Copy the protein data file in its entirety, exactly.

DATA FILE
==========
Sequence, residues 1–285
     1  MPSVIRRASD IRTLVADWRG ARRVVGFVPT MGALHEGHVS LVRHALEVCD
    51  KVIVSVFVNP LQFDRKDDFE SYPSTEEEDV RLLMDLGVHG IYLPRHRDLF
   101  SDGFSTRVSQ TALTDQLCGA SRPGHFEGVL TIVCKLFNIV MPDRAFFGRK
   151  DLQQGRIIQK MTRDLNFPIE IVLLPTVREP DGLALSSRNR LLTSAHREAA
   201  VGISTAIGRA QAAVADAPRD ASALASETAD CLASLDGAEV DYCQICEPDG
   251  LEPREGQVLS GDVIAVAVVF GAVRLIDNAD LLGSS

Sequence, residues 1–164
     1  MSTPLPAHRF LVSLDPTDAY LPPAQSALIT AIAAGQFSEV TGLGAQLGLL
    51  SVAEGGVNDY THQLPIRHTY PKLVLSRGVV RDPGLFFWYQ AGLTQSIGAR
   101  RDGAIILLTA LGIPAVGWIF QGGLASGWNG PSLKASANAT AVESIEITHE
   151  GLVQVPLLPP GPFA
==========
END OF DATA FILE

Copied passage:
Sequence, residues 1–285
     1  MPSVIRRASD IRTLVADWRG ARRVVGFVPT MGALHEGHVS LVRHALEVCD
    51  KVIVSVFVNP LQFDRKDDFE SYPSTEEEDV RLLMDLGVHG IYLPRHRDLF
   101  SDGFSTRVSQ TALTDQLCGA SRPGHFEGVL TIVCKLFNIV MPDRAFFGRK
   151  DLQQGRIIQK MTRDLNFPIE IVLLPTVREP DGLALSSRNR LLTSAHREAA
   201  VGISTAIGRA QAAVADAPRD ASALASETAD CLASLDGAEV DYCQICEPDG
   251  LEPREGQVLS GDVIAVAVVF GAVRLIDNAD LLGSS

Sequence, residues 1–164
     1  MSTPLPAHRF LVSLDPTDAY LPPAQSALIT AIAAGQFSEV TGLGAQLGLL
    51  SVAEGGVNDY THQLPIRHTY PKLVLSRGVV RDPGLFFWYQ AGLTQSIGAR
   101  RDGAIILLTA LGIPAVGWIF QGGLASGWNG PSLKASANAT AVESIEITHE
   151  GLVQVPLLPP GPFA